The Militarization of Life of the Soviet Youth in 1920s - Early 1930s
History of Russia. Soviet Union. Former Soviet Republics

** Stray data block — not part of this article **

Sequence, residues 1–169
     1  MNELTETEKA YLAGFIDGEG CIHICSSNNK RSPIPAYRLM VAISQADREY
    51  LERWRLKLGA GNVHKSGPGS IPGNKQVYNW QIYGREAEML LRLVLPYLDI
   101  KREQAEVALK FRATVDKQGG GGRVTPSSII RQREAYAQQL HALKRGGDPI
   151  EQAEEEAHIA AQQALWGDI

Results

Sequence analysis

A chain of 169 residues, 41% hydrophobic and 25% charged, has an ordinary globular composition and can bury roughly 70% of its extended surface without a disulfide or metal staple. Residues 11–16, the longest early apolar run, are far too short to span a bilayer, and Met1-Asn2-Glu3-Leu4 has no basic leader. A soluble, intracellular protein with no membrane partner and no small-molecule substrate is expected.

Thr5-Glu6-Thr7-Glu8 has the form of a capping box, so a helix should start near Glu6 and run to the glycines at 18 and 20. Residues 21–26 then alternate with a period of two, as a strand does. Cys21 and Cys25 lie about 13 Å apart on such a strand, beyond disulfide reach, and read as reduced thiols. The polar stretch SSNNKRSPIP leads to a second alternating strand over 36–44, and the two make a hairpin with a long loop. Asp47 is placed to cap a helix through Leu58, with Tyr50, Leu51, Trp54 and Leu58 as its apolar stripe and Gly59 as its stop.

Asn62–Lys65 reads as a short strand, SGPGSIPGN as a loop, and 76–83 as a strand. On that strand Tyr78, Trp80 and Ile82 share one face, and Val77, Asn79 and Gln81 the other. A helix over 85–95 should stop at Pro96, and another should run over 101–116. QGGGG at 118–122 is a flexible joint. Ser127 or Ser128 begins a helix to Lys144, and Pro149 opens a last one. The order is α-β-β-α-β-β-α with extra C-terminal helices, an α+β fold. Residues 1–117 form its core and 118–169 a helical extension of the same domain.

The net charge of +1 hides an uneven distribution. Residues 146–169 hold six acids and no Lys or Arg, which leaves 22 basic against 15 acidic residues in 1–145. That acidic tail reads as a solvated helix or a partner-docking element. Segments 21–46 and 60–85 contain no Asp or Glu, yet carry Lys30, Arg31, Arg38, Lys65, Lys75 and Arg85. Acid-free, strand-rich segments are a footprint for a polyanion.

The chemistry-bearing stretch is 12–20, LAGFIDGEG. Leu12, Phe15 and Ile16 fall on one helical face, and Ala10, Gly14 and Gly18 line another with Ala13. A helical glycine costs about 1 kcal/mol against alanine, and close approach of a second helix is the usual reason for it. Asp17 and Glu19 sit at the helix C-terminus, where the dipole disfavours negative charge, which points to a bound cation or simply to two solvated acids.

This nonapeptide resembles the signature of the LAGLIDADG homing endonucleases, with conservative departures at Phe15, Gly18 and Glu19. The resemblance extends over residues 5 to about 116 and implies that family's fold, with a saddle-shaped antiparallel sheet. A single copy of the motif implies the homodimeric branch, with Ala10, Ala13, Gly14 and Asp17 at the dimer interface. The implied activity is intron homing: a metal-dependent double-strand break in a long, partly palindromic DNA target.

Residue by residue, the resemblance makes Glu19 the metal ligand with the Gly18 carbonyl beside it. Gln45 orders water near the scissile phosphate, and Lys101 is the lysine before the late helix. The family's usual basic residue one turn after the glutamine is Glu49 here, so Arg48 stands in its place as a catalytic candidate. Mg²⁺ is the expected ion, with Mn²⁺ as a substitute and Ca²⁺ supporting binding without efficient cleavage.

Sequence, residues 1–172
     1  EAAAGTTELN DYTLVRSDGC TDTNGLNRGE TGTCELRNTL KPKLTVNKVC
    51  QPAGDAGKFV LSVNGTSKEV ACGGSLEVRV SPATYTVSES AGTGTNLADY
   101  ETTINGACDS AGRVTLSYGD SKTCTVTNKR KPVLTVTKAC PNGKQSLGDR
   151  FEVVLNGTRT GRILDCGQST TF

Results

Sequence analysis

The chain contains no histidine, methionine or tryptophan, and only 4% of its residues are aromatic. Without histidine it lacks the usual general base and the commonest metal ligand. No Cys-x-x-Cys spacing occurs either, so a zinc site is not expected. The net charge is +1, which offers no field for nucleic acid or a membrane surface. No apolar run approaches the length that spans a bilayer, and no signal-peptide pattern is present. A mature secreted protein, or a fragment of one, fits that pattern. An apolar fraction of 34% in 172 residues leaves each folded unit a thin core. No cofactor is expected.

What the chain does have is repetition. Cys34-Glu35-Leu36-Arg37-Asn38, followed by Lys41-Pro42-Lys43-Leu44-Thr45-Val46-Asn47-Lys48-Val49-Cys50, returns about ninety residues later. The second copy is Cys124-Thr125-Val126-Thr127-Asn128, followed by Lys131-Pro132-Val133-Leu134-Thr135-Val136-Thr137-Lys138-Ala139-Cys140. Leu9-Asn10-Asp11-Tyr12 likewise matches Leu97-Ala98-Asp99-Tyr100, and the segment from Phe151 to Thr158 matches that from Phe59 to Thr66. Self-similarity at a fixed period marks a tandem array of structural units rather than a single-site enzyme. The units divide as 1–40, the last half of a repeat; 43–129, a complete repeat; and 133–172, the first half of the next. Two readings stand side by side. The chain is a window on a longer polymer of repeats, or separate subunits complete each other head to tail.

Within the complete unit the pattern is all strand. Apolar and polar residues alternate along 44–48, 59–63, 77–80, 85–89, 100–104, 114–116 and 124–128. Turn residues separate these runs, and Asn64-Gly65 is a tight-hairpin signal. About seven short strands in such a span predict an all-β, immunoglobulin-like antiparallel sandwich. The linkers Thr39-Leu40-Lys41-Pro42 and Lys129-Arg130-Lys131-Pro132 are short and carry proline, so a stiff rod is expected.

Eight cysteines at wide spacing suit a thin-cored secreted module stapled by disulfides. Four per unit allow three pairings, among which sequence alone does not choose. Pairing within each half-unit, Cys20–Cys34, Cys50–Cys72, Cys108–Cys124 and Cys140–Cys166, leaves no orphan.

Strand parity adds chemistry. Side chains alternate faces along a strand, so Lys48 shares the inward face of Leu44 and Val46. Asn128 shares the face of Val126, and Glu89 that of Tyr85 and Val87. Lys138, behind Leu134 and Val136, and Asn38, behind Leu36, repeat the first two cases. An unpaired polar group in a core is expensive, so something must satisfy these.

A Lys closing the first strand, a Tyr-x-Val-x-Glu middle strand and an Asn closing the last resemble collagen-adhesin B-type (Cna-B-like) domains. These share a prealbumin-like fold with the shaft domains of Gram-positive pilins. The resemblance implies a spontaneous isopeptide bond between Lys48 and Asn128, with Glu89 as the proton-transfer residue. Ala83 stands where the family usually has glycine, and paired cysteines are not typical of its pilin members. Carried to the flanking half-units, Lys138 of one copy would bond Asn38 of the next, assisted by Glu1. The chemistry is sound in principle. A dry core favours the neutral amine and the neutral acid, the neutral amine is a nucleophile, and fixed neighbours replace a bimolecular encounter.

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AbstractThis article discusses multiple aspects of militarization of life of the Soviet people in the 1920-1930s. The authors explore the reasons for this phenomenon, which lay not only in the foreign environment, and in the domestic politics, but also in the ideological foundations of the totalitarian state and society. Special attention is paid to the role of the Komsomol in the militarization of youth education, participation in the economic, political and social life, attempts of militarization of everyday life and private life in general. The article also reveals the role of the universal military duty and military service in preparation for a young person’s life, the participation of the army in dealing with economic and political problems. Attention is drawn to the militarization of culture and ideological indoctrination of the youth. The article investigates the tragic fate of the inter-war generation. This generation was at the same time the basis for the deployment of a wide social experiment to educate the new man at the heart of aspirations and expectations which would lay the ideas of socialism as a “bright future” of all mankind. These experiments, which began in the years of civil war, turned in many areas of culture: architecture, art, literature. They represent a strange mixture of modernism and Marxism. All these experiments were subordinated to the main goal – the education of the “new man”. Since the inevitability of military confrontation with the “capitalist encirclement”, it seems clear that the militarization of the country’s life is comprehensive.